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Thursday, 17 June 2004
Page: 30842

Mr TRUSS (Minister for Agriculture, Fisheries and Forestry) (11:23 AM) —I will respond just one more time so that we can move on to the next item of proposed expenditure. I was asked four specific questions. I will try to respond to each of them briefly. In relation to drought policy, the government have made very significant enhancements to drought assistance, within our capacity to do so. There is an agreement between Commonwealth and states underpinning exceptional circumstances assistance, but we have provided significant help on top of what is available through those EC arrangements and that, in my view, has added to the complexity of the arrangements—which I would prefer was not the case. It has certainly meant that hundreds of millions of dollars has been paid to Australian farmers that could not otherwise have been provided. We have sought to respond flexibly and as best we can within the constraints of the current agreement.

It is beyond dispute that the cost of drought assistance measures has shifted enormously over the last four or five years from the states to the Commonwealth. The Commonwealth now meets about 96 per cent of the cost of EC and most of the states have walked away from their own drought assistance programs entirely. There is nothing in Victoria and virtually nothing in South Australia and Western Australia. New South Wales and Queensland still have some transaction subsidies. There is nothing in Tasmania from the state government. So, in fact, the states have walked away. They are seeking to shift all of the responsibility onto the Commonwealth. The only thing the states do is criticise because the Commonwealth is not doing enough to pick up the slack in the areas that they have vacated. I think drought assistance does need to be a partnership and that is what we are trying to negotiate at the present time.

Regarding the question concerning pest animals, I am happy to provide detailed information to the committee. In fact, I am aware of a submission that is being prepared for that committee to help them with their work. Just a few days ago, however, I made an announcement of significant funding for pest animal projects funded out of the NHT. We have been doing that now for quite a number of years and we will do so again in the future.

Regarding quarantine, the government's commitment to maintaining our borders is clearly demonstrated by the $600 million boost in quarantine expenditure announced three years ago. That has doubled the number of quarantine staff. It has enabled us to inspect 100 per cent of mail and containers and well over 80 per cent of passengers and their baggage on arrival. That is a massive increase from what applied when we came to office. I think that most people, whilst they are naturally sometimes inconvenienced by that higher level of intervention, appreciate that it is important in maintaining our pest- and disease-free status.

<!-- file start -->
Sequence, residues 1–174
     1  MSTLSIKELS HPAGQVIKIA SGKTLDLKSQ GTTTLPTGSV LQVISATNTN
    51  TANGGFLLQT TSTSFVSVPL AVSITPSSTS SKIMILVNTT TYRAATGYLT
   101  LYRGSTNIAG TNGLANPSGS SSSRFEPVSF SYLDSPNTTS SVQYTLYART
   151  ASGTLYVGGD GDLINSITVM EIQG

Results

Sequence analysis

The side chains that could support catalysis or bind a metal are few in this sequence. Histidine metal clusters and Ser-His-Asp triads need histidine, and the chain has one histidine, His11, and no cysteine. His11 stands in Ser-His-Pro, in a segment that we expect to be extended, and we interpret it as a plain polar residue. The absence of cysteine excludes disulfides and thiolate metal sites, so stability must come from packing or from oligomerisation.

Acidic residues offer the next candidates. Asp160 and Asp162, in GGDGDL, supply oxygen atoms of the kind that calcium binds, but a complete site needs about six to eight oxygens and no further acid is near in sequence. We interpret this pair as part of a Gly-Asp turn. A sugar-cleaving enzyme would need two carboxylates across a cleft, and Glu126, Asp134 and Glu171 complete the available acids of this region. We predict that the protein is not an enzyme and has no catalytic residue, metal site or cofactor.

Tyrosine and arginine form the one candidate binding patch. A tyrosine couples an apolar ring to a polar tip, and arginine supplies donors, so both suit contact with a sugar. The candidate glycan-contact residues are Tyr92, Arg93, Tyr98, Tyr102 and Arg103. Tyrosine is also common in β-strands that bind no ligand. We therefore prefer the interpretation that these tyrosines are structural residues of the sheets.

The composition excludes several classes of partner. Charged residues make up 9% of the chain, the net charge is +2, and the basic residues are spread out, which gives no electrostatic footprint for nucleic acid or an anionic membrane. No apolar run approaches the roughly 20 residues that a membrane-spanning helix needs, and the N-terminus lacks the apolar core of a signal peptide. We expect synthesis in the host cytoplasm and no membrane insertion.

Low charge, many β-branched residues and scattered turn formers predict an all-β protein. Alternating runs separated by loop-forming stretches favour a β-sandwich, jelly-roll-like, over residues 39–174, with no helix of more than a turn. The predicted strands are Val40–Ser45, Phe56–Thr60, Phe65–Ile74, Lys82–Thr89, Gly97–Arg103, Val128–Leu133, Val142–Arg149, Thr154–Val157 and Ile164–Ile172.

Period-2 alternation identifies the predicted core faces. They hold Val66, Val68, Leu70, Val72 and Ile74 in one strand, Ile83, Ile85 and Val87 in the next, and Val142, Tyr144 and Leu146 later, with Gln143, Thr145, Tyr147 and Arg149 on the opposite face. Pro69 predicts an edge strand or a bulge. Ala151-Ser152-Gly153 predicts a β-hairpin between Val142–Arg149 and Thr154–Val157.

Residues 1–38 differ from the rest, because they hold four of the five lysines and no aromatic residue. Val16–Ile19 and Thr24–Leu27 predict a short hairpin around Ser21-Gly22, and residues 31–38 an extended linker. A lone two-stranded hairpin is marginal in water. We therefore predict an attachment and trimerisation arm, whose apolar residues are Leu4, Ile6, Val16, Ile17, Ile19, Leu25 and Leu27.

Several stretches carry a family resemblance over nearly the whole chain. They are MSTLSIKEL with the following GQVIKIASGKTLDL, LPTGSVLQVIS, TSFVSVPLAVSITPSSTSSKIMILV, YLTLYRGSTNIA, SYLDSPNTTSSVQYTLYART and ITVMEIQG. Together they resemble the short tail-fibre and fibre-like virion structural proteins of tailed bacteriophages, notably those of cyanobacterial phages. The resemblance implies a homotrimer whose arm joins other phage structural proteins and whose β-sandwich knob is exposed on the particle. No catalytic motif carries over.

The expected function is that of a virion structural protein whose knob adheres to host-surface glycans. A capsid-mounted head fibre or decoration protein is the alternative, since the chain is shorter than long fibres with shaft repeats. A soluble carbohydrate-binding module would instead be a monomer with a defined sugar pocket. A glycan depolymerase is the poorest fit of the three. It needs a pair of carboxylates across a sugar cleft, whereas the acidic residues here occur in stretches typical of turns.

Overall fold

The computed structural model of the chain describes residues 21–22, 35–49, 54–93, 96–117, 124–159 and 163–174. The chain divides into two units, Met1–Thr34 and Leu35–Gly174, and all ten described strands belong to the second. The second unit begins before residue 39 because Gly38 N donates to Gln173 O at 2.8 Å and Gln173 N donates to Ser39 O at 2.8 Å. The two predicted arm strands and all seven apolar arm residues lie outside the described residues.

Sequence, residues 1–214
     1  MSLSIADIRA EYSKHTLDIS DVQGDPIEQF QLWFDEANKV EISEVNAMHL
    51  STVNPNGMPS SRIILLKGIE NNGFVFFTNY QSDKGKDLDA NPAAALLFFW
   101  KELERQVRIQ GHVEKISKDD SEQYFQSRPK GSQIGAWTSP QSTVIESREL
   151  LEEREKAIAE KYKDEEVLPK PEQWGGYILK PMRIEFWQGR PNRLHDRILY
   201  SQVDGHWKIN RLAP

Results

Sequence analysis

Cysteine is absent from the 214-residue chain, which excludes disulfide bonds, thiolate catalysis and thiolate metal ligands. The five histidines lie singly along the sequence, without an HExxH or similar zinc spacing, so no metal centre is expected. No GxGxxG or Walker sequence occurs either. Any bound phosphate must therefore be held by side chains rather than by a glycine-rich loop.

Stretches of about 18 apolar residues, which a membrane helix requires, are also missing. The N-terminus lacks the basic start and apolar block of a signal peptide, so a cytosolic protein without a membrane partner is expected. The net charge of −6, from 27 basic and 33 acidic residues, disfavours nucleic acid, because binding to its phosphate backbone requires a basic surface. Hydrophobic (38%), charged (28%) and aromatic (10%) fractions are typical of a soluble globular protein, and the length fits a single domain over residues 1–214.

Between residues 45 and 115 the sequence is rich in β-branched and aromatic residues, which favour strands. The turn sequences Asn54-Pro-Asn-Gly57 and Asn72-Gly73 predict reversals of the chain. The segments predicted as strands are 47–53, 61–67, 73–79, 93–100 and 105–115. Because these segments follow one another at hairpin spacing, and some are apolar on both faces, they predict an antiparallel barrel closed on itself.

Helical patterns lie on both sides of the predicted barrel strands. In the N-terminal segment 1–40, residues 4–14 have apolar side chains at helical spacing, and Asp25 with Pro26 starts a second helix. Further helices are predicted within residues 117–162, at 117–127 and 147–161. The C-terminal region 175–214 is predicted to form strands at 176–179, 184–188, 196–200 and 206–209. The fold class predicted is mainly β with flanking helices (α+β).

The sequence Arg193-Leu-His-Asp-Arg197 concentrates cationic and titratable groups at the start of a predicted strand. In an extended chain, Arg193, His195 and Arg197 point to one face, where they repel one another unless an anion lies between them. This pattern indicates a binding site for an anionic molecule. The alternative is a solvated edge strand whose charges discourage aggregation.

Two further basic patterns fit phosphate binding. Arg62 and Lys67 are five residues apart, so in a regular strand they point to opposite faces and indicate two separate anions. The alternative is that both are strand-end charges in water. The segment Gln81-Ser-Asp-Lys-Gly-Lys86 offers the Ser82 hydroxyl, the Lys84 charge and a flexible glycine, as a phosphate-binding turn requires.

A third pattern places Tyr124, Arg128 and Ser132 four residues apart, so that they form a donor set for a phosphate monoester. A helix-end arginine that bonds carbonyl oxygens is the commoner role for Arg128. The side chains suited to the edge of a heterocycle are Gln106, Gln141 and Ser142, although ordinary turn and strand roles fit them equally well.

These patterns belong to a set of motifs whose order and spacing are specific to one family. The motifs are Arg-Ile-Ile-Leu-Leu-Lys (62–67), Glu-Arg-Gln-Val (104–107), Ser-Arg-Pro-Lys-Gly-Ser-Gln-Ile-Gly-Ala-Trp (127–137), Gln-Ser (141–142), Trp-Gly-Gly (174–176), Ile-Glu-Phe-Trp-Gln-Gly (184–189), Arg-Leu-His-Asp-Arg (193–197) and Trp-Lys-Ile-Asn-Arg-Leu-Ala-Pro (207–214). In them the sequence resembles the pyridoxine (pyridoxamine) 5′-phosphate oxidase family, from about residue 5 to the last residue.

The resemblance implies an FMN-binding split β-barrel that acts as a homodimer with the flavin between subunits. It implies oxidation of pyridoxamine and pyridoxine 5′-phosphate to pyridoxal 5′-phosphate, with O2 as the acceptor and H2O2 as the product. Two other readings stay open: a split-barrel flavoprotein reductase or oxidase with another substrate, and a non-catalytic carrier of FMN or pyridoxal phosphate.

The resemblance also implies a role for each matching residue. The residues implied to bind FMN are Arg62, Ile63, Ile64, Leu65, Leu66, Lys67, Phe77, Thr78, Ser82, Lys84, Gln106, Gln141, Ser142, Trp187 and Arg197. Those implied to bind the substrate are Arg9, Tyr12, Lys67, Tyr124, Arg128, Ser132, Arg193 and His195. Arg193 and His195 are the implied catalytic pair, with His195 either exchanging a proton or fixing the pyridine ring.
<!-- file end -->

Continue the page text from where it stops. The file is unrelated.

I think the shadow minister's comments were more reflecting the role of Biosecurity Australia than the Australian Quarantine Inspection Service because he seemed to be commenting more about import risk analyses and the principles which underpin them. I want to emphasise that there has been no change in Australia's appropriate level of protection, no change in the way in which we administer those sorts of arrangements and no alteration in the standards. It is still absolutely the highest non-negotiable priority of this government in dealing with those issues to keep our nation free of pests and diseases, to keep out of this country the pests and diseases we do not have and to ensure that, when we allow products to come into this country, it is only under the sorts of terms and conditions which will secure our pest- and disease-free status.

Whenever an import risk assessment is undertaken, it is led by a team of the best experts we can muster. Naturally, Biosecurity Australia cannot have on its staff experts on every single issue, so they need to call on outside expertise which frequently comes from state departments or academic institutions with special skills in that area. The three import risk assessments that the shadow minister has referred to have all been conducted under those criteria.

The difference that has occurred under this government is that there is now a much more open and consultative process. There are opportunities for industry to participate. All of the submissions are open for public scrutiny. That is why we now have these public consultation periods which are going on at the present time, where individuals who question the science that is underpinning the proposed recommendations have the opportunity to have their say and put forward their arguments. I encourage those who have concerns about any of these proposals currently open for public comment to take advantage of this opportunity so that their views can properly be considered. We will not as a government compromise our quarantine standards or do anything which might put at risk our freedom from pests and diseases.